A Letter from Yitzchak Yaffin

“Thank you very much, Rabbi, for your article on the laws of bli’at kelim. Rabbi, with your permission, I have comments regarding terminology and scientific accuracy. They do not concern the practical and halakhic conclusions.”

“The essence of the argument: Soap has been known for thousands of years as a substance having the characteristics of cleansing and removing fats, but not on a sufficient level. It is true that in 1790 Leblanc discovered an industrial way of producing a substitute for ash, which led to a considerable increase in the use of soap and enabled its mass industrial production, but the efficiency of fat removal was still unsatisfactory. The significant breakthrough occurred in the 1930’s, with the development of much more effective synthetic detergents. It seems to me, Rabbi, you were alluding to this development from about a century ago, and not necessarily the invention of soap, which is not new.”

“In detail: The difficulty in removing fats stems from a well-known phenomenon – water does not mix with oil. However, there are substances that enable the mixture of water and oil. These substances are called “surfactants”, or surface active agents. The secret of the action of these substances lies in the structure of their molecules: The molecules of these substances have two parts – one similar to water, and capable of combining with water, and the other similar to oil, and capable of combining with oil. Thus, these molecules are capable of combining water with oil, and washing it away (some call these substances “detergents”, but the term ‘surfactants’ is scientifically more accurate).”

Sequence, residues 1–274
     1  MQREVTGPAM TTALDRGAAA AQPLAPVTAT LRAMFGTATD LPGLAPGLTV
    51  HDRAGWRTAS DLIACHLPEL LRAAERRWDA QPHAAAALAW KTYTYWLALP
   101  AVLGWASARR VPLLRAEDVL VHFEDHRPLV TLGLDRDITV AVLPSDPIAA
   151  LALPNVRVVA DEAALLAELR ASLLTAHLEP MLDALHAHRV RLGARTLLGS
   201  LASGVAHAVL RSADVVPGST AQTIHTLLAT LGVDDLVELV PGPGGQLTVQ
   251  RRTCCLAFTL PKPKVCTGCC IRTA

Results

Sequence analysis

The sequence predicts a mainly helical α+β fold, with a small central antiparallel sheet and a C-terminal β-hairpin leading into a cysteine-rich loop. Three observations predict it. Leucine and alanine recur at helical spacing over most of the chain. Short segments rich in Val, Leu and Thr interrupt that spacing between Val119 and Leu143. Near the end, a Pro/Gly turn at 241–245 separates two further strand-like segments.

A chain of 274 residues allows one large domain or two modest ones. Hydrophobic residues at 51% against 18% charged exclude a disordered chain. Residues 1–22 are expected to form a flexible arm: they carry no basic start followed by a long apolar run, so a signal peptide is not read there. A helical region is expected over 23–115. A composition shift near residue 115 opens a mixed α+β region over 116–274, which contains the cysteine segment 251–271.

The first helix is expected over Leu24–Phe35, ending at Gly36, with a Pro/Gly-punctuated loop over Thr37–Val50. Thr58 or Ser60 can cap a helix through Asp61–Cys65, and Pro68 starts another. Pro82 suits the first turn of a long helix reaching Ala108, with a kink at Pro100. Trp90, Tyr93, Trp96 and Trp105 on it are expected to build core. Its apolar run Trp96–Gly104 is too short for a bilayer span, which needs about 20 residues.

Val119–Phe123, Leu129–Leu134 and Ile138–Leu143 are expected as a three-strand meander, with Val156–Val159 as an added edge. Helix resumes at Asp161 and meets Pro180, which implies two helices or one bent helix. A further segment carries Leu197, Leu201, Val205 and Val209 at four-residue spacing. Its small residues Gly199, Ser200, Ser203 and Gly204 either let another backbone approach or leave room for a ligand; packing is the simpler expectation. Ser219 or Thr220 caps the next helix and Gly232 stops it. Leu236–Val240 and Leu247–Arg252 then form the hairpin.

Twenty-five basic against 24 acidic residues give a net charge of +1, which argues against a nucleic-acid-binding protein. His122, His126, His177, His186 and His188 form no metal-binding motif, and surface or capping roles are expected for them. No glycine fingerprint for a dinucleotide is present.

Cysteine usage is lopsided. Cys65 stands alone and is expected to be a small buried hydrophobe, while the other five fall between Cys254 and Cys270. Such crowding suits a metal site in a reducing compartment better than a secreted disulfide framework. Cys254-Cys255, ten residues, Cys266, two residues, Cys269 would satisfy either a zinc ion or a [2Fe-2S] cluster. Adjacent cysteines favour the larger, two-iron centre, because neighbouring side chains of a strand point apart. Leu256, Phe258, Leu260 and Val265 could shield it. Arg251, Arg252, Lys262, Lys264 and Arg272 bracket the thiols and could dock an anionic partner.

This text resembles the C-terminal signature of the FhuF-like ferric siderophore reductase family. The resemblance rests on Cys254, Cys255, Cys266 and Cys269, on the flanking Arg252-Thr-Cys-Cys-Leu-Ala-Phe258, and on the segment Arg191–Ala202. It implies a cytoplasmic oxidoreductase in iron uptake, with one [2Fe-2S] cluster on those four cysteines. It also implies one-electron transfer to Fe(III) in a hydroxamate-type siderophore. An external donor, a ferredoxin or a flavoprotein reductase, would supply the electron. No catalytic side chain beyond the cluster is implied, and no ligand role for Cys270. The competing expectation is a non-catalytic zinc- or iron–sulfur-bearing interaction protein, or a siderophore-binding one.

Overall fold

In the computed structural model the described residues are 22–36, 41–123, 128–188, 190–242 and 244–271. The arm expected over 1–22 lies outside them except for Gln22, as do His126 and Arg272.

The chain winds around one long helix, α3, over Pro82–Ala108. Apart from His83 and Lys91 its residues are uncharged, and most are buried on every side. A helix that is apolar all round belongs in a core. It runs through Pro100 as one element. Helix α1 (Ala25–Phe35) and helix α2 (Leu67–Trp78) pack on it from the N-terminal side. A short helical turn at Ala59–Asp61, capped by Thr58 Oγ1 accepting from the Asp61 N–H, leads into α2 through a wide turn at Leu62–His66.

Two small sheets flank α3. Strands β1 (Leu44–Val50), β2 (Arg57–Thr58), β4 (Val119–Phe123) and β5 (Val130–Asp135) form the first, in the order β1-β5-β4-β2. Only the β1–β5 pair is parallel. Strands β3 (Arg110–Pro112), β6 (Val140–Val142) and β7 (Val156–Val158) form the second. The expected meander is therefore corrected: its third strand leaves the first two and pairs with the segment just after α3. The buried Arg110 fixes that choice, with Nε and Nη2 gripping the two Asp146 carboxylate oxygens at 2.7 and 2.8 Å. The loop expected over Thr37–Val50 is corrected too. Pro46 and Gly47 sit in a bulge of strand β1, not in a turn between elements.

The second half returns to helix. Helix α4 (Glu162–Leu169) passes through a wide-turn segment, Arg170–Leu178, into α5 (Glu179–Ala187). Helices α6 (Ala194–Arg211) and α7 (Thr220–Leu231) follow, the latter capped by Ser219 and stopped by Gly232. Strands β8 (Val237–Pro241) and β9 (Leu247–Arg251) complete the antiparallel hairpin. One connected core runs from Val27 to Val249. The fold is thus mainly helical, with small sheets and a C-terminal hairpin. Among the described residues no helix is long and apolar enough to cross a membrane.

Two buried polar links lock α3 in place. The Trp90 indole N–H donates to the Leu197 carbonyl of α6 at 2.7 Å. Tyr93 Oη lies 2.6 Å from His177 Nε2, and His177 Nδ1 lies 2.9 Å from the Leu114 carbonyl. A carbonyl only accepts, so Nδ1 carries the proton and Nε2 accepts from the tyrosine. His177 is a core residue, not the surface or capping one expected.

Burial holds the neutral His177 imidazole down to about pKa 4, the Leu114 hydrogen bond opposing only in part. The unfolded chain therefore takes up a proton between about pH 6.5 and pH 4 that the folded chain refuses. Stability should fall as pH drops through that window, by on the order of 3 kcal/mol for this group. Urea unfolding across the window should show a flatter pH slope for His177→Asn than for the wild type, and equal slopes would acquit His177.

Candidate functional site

“Already thousands of years ago, it was known that when oil is cooked with ash, soap is produced, which is a substance capable of cleaning and removing fats. Today, we also know the reason: When oil is cooked with ash, a new molecule containing residual oil is created. This fatty residue is the part of the molecule which is capable of combining with oil. This molecule also has a water-like part, capable of combining with water, and consequently, the soap acts as a surfactant, although, as mentioned, not so effectively.”

“Modern chemistry has developed ways of synthesizing artificial surfactants. These substances allow a much stronger connection between oil and water, which can produce much more effective detergents. Noteworthy, is the first synthetic substance, Alkyl Benzene Sulfonate, which is still used today as a major ingredient in liquid dishwashing soap and other detergents (in the 1960’s it was slightly modified for environmental reasons).

Summary of the Explanation for the Time Being

The change that has occurred in relation to utensils is first and foremost the ease with which we can now clean dishes, because today, soap is of high quality and inexpensive, and every house has running water, and as a result, all utensils that are cleaned normally, do not emit tastes. In the past, however, even when people attempted to clean utensils, since soap was extremely expensive and ineffective, and additionally, houses had no running water, a thin layer of residue of foods almost always remained stuck to the utensils whose taste was highly concentrated, given their liquids had evaporated. The other change which is also significant is that in the past the surface of metal was generally rough making it harder to clean, whereas today, the metal industry has greatly improved, and the surface of metal is as smooth as glass and easier to clean. And certainly, there are no crevices left unfilled in the casting.

This article appears in the ‘Besheva’ newspaper and was translated from Hebrew.